BBC TV licence scandal: Tens of millions of pounds LOST in Saudi Arabia piracy operation | UK | News

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As the BBC is penalising pensioners by taking away free licences, a Daily Express investigation today reveals how the corporation and rival broadcasters are losing hundreds of millions in potential revenue to a massive piracy operation. The cost to the BBC alone could be as high as a £100million a year. Every Saturday, millions of football fans in Saudi Arabia and North Africa cheer and cry over the fate of their favourite Premier League clubs. Whether it is the goal-scoring genius of Sergio Aguero or the heroics of Harry Kane, social media explodes as every key moment is argued over. Yet although fans are gripped by the highs and lows, they never suffer actually forking out cash to watch their beloved team play. For these millions of foreign viewers, the fiesta of football is free. All they need is a cheap set-top digital box and they can sit back and enjoy the spectacle.

But it’s not just Premier League. Wimbledon proved popular over the summer as did golf’s Open Championship. No doubt the Cricket World Cup was a hit, too. And there’s a wide array of films and light drama, including the best from the BBC, Sky, ITV and Channel 4.

Among others, Killing Eve, the BBC’s successful thriller, was seen for nothing, a severe blow as the corporation insists it needs to charge over-75s for their licence.

British viewers who also subscribe to Sky, BT or other services, might assume the money-soaked rulers of Saudi Arabia are footing the bill. In fact, Saudi viewers are simply taking advantage of the biggest television piracy operation ever seen.

A company called beoutQ, based in the Saudi capital Riyadh, is stealing programming from around the world from a rival, legitimate media company in neighbouring Qatar.

The Qatar media company beIN pays hundreds of millions of pounds to the UK in deals to screen a wide array of sports events and other programmes for paying customers. However, this content is snatched by beoutQ, which shamelessly gives nothing to UK federations or sports companies.

In May, the Commons digital, culture, media and sports select committee heard that beoutQ had taken content from “100 UK-based” channels.

British Embassy approaches in Riyadh have failed to yield a breakthrough. The channel is broadcast on Arabsat – a Saudi-based satellite network – and beIN Sports is convinced the broadcaster is supported by the Saudi government.

MPs demanded a “robust attack” on the pirate station. Tory MP Giles Watling asked then culture secretary Jeremy Wright what efforts were being made to stop beoutQ and Arabsat “misappropriating our industries”.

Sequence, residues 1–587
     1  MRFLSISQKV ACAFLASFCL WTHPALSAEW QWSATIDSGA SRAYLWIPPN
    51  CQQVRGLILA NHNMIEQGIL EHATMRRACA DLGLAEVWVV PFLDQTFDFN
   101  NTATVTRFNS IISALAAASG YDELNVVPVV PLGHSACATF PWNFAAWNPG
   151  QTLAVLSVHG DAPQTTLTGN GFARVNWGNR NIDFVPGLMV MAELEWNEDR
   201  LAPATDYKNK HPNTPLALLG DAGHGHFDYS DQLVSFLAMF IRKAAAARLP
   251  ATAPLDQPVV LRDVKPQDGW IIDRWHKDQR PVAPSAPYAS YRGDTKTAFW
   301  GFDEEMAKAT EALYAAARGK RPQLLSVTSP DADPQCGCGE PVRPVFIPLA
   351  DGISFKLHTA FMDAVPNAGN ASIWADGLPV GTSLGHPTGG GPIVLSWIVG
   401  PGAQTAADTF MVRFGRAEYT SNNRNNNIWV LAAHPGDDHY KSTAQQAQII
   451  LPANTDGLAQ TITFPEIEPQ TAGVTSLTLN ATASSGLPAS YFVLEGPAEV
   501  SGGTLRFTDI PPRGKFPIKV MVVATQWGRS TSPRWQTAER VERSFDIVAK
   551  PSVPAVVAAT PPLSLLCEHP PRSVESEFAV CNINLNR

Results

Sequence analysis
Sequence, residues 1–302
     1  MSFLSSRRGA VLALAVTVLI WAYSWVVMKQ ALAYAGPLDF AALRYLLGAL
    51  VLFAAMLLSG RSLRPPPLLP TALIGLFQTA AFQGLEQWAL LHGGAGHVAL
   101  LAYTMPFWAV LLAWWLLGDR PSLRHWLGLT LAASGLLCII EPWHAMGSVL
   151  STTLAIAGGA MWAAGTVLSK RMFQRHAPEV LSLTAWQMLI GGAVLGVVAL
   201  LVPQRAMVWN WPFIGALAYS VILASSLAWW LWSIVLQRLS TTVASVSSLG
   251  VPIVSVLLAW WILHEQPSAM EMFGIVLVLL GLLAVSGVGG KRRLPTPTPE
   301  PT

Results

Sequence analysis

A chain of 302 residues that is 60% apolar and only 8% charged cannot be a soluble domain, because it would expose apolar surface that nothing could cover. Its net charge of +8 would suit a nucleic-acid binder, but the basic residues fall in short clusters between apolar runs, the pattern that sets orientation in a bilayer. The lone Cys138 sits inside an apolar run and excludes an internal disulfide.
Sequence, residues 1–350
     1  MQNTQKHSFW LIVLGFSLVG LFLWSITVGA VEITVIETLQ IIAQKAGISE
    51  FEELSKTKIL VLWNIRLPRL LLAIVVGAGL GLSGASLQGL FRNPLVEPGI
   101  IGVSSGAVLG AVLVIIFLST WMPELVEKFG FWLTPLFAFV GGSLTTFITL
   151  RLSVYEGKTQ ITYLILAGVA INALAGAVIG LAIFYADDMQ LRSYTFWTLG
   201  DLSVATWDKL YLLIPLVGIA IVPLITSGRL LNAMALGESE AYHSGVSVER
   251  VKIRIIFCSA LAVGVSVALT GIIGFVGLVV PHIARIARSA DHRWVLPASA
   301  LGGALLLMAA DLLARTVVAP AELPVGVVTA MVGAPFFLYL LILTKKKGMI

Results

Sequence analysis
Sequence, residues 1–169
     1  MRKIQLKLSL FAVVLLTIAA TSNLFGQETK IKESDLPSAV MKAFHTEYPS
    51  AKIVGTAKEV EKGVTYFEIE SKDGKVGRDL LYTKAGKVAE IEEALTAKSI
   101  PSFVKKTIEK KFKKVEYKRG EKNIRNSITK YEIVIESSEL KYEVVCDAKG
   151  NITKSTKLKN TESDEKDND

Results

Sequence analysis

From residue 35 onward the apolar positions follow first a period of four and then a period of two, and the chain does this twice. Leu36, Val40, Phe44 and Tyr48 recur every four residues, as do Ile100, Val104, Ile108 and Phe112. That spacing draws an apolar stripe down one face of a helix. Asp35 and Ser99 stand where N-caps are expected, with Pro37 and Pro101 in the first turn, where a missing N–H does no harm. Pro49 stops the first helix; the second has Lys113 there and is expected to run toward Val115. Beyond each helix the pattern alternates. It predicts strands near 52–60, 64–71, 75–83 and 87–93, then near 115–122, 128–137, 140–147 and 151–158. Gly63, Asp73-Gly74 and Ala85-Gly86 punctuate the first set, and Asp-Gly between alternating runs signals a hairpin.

DCMS committee chairman Damian Collins said: “The issue of beoutQ is straightforward piracy.”

The over-75s hold placards

The over-75s will have to pay the TV licence fee from June 2020 (Image: Jonathan Buckmaster/Daily Express/AFP/Getty )

He added: “If we want to see good-quality sport, we have to make sure that people are able to protect those rights so they can carry on delivering it to us; and those that are seeking to undermine those rights of course undermine that process.

“So that’s why we take an interest, it’s why we understand and sympathise with the concerns the Premier League and others have expressed and, as I say, there is activity underway.”

The beoutQ boxes can be bought throughout the Middle East and North Africa, and come pre-loaded with illegal web IPTV apps which provide access to live television and on-demand movie content from all over the world. But despite the injustice, there is very little any of the international broadcasting giants can do because law firms in Saudi Arabia are clearly too scared to take up the case.

The British television regulator Ofcom is aware but has no powers in the Middle East.

The BBC is quietly fuming but equally powerless, although a spokesman for BBC Studios told us: “The BBC Group is committed to combating piracy of its channels and content worldwide and actively work with our media partners in fighting against piracy.”

Even Fifa, football’s global ruling body and custodian of the World Cup, is struggling to shut down the illegal operation, which is costing it a fortune.

Earlier this year, a joint statement from Fifa, the European ruling organisation Uefa, the German Bundesliga, the Premier League, Spain’s LaLiga and Italy’s Serie A lambasted beoutQ. They raged: “We, the rights holders of various football competitions, collectively condemn in the strongest possible terms the ongoing theft of our intellectual property by the pirate broadcaster known as ‘beoutQ’ and call on the authorities in Saudi Arabia (KSA) to support us in ending the widespread and flagrant breaches of our intellectual property rights taking place in the country.”